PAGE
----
From KERA News:
It had all the familiar sights and sounds of a rodeo. Calf-roping. Bucking horses doing their best to throw their riders. Lots of big hats, big belt buckles and finely stitched boots.
But this rodeo also was very different. At the Cowboys of Color Rodeo, which recently appeared for two nights at the State Fair of Texas, nearly all the competitors were Black.
That’s not a novel concept for one of the rodeo’s showrunners Harlan Hearn, but he said he enjoys seeing newcomers learn about the diverse rodeo in real time.
“Every year it’s the same thing,” Hearn said. “We meet people that go, ‘I had no idea. I’ve been in Dallas for 20 years. I had no idea.’ We’ve been here. But that’s part of that mission, is that we have to keep introducing it.”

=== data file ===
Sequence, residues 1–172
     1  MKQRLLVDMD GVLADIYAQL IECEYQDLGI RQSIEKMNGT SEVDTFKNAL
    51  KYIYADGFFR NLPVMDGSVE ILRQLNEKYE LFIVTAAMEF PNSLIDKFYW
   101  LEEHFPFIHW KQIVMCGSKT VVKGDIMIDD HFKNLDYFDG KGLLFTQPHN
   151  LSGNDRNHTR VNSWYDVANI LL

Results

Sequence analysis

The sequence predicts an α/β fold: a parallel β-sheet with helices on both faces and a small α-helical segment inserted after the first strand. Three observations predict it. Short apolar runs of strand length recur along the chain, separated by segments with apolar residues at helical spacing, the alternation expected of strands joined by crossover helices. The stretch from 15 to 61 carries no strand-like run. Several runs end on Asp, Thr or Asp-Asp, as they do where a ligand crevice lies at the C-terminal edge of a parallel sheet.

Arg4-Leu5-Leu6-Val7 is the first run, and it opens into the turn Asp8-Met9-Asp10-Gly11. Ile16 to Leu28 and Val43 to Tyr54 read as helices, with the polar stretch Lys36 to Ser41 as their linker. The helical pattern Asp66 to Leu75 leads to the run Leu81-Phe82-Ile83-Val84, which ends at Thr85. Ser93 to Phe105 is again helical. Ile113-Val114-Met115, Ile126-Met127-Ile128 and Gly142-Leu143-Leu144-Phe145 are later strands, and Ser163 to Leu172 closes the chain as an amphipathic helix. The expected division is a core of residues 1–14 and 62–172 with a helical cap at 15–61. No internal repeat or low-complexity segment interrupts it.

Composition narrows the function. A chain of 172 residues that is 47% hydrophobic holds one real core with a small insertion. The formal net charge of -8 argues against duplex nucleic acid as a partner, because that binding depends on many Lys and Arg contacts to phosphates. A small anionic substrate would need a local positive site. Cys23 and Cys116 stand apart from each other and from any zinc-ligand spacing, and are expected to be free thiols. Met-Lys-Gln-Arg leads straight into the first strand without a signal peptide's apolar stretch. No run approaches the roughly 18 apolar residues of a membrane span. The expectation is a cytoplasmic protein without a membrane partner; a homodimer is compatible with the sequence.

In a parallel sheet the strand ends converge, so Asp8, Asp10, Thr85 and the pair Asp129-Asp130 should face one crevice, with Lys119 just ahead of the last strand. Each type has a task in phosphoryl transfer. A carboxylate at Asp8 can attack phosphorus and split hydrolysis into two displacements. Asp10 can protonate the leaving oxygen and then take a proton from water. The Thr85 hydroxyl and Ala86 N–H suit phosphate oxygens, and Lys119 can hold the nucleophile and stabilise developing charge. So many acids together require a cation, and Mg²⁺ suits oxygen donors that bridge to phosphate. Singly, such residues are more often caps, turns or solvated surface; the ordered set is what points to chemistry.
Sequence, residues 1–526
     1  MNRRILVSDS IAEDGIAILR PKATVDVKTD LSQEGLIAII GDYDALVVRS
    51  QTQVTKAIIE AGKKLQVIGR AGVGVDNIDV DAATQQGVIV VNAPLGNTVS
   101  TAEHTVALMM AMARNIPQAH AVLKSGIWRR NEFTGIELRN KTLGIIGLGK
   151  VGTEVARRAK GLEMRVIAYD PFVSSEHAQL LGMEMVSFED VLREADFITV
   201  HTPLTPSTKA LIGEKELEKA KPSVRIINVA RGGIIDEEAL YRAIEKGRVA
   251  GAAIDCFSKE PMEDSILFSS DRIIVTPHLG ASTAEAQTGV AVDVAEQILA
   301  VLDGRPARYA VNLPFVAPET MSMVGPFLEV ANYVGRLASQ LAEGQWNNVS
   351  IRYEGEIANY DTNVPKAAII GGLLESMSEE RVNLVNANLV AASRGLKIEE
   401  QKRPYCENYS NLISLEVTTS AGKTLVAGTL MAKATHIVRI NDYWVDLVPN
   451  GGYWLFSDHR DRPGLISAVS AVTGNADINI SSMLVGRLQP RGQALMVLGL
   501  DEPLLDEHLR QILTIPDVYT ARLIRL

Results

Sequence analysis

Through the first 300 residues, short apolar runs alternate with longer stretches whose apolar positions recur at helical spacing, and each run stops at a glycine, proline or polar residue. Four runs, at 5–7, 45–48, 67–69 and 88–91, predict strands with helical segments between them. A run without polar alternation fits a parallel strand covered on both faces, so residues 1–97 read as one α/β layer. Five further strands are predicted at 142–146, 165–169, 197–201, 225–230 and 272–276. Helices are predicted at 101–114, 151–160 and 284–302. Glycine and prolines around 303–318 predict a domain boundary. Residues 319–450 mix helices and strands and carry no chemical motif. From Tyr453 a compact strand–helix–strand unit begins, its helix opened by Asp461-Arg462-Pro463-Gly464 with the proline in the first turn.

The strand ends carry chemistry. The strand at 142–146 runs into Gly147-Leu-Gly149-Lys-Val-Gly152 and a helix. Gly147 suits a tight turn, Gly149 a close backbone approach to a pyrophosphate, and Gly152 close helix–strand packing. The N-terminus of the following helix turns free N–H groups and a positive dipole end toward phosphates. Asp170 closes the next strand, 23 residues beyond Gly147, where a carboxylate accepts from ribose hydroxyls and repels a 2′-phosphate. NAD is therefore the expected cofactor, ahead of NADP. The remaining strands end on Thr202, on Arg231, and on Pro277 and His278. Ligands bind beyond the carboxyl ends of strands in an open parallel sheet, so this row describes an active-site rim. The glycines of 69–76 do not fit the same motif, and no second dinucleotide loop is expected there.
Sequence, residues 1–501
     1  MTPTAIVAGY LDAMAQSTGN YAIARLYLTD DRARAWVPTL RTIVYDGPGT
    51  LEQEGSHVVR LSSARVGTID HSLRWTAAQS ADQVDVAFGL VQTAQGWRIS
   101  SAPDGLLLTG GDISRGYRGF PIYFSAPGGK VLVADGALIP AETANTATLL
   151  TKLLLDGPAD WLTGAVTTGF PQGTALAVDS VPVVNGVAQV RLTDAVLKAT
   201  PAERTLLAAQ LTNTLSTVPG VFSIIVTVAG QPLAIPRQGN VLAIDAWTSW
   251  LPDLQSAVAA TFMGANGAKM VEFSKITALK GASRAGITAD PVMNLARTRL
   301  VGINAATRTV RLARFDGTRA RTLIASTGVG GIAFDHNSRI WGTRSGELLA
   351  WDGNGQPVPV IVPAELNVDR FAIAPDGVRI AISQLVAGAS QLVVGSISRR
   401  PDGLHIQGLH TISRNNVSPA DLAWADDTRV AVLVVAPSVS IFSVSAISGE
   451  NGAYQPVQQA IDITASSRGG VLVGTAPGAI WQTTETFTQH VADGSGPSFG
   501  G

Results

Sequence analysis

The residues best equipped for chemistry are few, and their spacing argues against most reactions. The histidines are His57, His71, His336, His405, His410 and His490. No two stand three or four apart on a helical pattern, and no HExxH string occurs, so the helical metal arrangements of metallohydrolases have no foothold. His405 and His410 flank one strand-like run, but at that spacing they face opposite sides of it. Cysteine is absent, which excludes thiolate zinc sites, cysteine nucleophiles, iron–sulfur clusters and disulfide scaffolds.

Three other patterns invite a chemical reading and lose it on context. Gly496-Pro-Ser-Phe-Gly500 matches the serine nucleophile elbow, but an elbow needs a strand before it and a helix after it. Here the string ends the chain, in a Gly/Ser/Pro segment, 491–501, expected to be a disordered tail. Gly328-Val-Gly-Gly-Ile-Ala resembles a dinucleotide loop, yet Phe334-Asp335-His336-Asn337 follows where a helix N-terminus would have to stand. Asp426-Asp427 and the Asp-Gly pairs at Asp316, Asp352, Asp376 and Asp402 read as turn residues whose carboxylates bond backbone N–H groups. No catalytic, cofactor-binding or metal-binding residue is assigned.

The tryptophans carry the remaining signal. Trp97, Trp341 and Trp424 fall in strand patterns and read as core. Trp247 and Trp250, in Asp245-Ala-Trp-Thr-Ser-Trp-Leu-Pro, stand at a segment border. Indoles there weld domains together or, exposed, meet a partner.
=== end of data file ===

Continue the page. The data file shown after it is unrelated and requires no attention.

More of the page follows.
And it also reflects the significant role that cowboys of color played in the Old West, a role that often was underemphasized — or even absent — onscreen and in history books.
This is the third year Hearn and his family have partnered with the State Fair to host the Cowboys of Color Rodeo, a nearly 50-year-old traveling competition that showcases the talents of rodeo competitors of color across the country.